Research results show that 60 percent of patients with referred pain, often called sciatica, receive an 80 percent pain reduction after one year using radiofrequency nerve ablation, says HealthCentral. Referred pain and neurogenic pain, rather than sciatica, are the terms preferred by the medical community to describe pain that radiates from the lower back into the legs.
Radiofrequency ablation, or RFA, uses a heat probe to sever the nerve carrying the pain signals to the brain, explains HealthCentral. The probe is inserted into the spine using X-rays to guide it. This treatment is a temporary solution because the nerve can repair itself over time, but RFA can be repeated without risk if necessary. The procedure doesn't fix the source of the pain but simply relieves the pain by interrupting the nerve signals.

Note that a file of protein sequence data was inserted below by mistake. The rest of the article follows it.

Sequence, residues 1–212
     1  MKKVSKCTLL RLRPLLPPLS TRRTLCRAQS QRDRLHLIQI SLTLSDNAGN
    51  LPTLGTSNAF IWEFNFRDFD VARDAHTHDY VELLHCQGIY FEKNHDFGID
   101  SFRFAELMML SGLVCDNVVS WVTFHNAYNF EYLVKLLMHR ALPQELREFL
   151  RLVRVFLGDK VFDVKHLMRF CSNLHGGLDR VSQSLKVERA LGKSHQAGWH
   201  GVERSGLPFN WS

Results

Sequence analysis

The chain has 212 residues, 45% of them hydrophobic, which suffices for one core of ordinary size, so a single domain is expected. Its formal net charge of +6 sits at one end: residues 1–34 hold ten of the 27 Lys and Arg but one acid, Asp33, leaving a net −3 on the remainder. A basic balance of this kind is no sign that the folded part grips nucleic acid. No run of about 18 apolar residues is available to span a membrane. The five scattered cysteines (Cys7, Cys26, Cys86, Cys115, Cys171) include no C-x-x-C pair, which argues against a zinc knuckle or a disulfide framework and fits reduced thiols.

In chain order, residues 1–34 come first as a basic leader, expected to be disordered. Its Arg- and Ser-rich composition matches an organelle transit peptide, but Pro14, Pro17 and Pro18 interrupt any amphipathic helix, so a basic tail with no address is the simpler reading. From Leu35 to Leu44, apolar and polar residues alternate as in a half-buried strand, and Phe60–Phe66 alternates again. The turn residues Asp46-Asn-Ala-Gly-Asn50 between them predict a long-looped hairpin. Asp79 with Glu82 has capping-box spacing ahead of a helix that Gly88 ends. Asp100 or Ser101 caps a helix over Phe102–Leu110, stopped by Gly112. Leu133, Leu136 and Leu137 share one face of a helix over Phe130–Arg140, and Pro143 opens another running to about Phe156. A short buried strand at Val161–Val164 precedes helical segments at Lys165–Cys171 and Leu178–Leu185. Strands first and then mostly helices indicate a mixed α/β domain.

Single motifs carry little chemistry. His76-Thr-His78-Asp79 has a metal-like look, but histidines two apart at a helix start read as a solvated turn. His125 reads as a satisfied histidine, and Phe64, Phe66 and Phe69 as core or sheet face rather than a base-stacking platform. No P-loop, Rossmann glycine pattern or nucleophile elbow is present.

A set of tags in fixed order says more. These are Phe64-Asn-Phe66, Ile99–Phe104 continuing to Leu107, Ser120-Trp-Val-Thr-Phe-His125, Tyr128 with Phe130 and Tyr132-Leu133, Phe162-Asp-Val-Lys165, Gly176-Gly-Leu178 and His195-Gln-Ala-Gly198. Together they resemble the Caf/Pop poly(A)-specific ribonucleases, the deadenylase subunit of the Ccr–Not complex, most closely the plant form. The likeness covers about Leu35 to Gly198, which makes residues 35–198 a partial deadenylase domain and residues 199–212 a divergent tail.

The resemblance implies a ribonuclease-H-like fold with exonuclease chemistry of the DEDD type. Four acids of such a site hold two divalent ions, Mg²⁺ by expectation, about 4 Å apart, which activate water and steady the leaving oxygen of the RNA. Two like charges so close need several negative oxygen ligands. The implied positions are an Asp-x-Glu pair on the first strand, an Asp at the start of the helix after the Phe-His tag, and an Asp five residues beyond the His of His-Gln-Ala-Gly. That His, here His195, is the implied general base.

Inflammation of the facet joints between each vertebrae causes referred pain, while a damaged or irritated nerve is the cause of neurogenic pain, notes HealthCentral. Radiofrequency ablation is effective for treating referred pain, which is characterized by a dull ache rather than a sharp, severe pain. Likely candidates for RFA treatment are screened by first undergoing a nerve block, which uses a numbing chemical to deaden the nerve. This procedure is repeated twice in order to ensure the results, and different chemicals may be used.